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Edwards v. State

Court of Appeals of Georgia, First Division

April 18, 2019

EDWARDS
v.
THE STATE.

          BARNES, P. J., MERCIER and BROWN, JJ.

          BROWN, JUDGE.

         Nyquarious Edwards pleaded guilty to hijacking a motor vehicle, armed robbery, aggravated assault with intent to rob, possession of a firearm during the commission of a felony, and possession of a firearm by a convicted felon. He appeals pro se from the trial court's order dismissing his "motion to vacate void sentences and withdraw his guilty plea," contending that his sentences were void because: (1) he pleaded guilty to criminal offenses that his proven conduct shows that he did not commit; (2) the trial court failed to merge hijacking a motor vehicle and armed robbery; and (3) the trial court should have vacated his aggravated assault with intent to rob plea rather than merge it into his armed robbery plea.

         The record shows that two years after Edwards pleaded guilty, he filed a pro se motion to vacate void sentences and withdraw his guilty plea, in which he asserted that the facts did not support the allegations in the indictment regarding hijacking a motor vehicle and armed robbery. With regard to both crimes, he argued that he did not obtain the vehicle from the person of the victim or use a firearm to obtain the vehicle. In support of this argument, he points to a police report stating that the victim was inside his home at the time he handed the keys to the vehicle to Edwards while Edwards held him at gunpoint. After obtaining the keys, Edwards took the vehicle parked outside, while the victim remained inside the home. According to Edwards, there was no factual basis for his plea, rendering it void. Additionally, he asserted that he would not have pled guilty but for his counsel's ineffective assistance in recommending that he do so. The trial court construed Edwards' motion as a motion to withdraw his guilty plea, concluded that it lacked jurisdiction to consider the motion because the term of court in which the plea was entered had expired, and denied it as untimely.

         On December 12, 2017, Edwards filed a second motion to vacate void sentences and withdraw his guilty plea. He made the same arguments asserted in his first motion. The trial court once again construed the motion as an untimely motion to withdraw a guilty plea and dismissed it. On appeal from this order, Edwards contends that the trial court erred by failing to conclude that the sentences were void based upon an inadequate factual basis for his plea, and, for the first time, he also asserts that the trial court made merger errors in its sentence.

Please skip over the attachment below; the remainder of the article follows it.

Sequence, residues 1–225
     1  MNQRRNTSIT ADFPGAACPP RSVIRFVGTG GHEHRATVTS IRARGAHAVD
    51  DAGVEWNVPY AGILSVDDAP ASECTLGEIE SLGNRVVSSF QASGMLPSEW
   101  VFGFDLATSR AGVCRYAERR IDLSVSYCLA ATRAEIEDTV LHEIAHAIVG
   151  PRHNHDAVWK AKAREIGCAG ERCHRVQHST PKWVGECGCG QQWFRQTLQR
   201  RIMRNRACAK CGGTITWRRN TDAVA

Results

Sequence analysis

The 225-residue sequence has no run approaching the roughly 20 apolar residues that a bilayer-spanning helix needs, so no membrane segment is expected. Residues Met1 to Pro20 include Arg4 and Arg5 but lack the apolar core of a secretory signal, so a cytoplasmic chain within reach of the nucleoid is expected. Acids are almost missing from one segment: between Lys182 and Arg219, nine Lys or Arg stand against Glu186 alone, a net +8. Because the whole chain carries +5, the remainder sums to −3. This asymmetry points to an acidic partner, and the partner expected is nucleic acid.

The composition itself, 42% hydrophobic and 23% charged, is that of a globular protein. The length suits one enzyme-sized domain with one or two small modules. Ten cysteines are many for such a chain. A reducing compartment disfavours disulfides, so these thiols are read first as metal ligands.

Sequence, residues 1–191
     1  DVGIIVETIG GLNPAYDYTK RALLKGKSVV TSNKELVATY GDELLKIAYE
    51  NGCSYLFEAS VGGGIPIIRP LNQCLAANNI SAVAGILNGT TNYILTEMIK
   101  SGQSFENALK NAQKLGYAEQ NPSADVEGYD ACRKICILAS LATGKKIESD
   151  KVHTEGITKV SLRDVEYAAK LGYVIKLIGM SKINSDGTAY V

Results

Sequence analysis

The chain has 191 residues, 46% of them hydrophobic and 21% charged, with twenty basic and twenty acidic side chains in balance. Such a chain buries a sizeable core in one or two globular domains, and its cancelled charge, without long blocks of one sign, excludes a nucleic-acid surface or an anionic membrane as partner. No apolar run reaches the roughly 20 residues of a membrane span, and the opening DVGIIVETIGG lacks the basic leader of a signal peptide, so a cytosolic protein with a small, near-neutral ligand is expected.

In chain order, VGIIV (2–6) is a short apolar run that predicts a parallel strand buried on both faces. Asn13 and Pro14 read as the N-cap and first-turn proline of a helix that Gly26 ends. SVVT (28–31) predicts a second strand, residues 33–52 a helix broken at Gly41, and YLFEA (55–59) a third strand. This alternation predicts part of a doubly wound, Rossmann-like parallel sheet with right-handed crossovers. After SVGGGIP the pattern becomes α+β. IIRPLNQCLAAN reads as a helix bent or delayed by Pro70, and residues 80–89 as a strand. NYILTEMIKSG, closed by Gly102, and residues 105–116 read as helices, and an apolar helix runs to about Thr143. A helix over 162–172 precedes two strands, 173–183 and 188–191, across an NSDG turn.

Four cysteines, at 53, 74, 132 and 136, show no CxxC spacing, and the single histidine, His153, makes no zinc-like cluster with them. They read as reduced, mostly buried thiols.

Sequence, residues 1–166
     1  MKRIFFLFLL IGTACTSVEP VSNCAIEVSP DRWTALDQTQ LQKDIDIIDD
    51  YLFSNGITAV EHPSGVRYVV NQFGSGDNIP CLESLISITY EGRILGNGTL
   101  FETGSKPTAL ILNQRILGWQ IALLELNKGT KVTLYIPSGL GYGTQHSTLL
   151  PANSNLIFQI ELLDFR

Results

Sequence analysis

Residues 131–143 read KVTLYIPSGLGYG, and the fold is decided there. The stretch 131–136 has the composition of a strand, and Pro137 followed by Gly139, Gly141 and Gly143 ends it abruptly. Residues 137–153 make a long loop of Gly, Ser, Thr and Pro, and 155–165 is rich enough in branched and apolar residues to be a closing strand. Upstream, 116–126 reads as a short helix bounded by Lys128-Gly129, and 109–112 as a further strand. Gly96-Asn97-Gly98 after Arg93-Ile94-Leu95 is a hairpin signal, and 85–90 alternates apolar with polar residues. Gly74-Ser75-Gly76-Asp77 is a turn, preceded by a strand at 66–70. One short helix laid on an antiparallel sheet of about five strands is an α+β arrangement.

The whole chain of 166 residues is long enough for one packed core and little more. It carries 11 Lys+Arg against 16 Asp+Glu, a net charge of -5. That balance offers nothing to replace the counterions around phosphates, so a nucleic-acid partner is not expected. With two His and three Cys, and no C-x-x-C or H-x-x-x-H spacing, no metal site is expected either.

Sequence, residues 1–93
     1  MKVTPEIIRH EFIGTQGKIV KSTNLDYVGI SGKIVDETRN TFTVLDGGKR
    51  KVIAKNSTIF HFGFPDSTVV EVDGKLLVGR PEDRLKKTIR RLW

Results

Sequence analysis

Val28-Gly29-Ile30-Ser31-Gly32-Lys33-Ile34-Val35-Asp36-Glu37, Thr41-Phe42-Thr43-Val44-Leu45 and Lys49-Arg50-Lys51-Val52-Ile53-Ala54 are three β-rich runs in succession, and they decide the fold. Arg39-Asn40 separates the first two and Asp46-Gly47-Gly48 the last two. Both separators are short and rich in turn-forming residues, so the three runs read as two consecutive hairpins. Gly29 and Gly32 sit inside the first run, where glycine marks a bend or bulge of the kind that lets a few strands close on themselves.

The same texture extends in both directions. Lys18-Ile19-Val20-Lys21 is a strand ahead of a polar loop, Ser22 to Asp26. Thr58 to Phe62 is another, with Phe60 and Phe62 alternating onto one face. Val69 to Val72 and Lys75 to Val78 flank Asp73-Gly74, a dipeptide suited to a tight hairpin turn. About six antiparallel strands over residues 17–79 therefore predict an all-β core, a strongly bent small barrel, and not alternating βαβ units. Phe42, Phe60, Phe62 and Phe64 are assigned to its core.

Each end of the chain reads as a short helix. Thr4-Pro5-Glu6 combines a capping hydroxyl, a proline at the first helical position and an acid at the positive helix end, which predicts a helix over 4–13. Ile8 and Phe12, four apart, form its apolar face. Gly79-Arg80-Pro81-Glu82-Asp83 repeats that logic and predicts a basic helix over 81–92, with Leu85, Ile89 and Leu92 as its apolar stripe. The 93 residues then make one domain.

1.As a preliminary matter, we note
that the untimeliness of a motion to withdraw a plea limits the trial court's authority to grant relief, rather than the appellate court's authority to decide an appeal of an order on an untimely motion, meaning we have jurisdiction to consider [Edwards'] appeal of the [dismissal] of his motion to withdraw. See Lay [v. State], 289 Ga. [210, ] 212 (2) [(710 S.E.2d 141) (2011)].

Brooks v. State, 301 Ga. 748, 751, (2), n.6 (804 S.E.2d 1) (2017).

         2.With regard to Edwards' claim challenging the factual basis for the plea, the trial court properly determined that it lacked jurisdiction to consider this claim because Edwards' motion was filed in a different term of court than the one in which the guilty plea was entered.[1] Assertions regarding the lack of a factual basis for a plea do not render the sentence void. See Goodrum v. State, 259 Ga.App. 704 (578 S.E.2d 484) (2003).

         3. With regard to the merger issues raised by Edwards for the first time on appeal, his untimely motion to withdraw his guilty plea and vacate void sentence is not the appropriate procedural mechanism to raise such a claim. His merger claim "may be considered only in a traditionally recognized proceeding to challenge a criminal conviction: a direct appeal of the conviction; an extraordinary motion for new trial; a [timely] motion in arrest of judgment; or a petition for habeas corpus." (Citations omitted.) McGee v. State, 296 Ga. 353, 354 (2) (765 S.E.2d 347) (2014). See also Patterson v. State, 347 Ga.App. 105, 108-110 (1) (817 S.E.2d 557) (2018) (merger error can be raised in timely motion to withdraw a guilty plea).

         Judgment affirmed.

          Barnes, P. J., and Mercier, J., concur.

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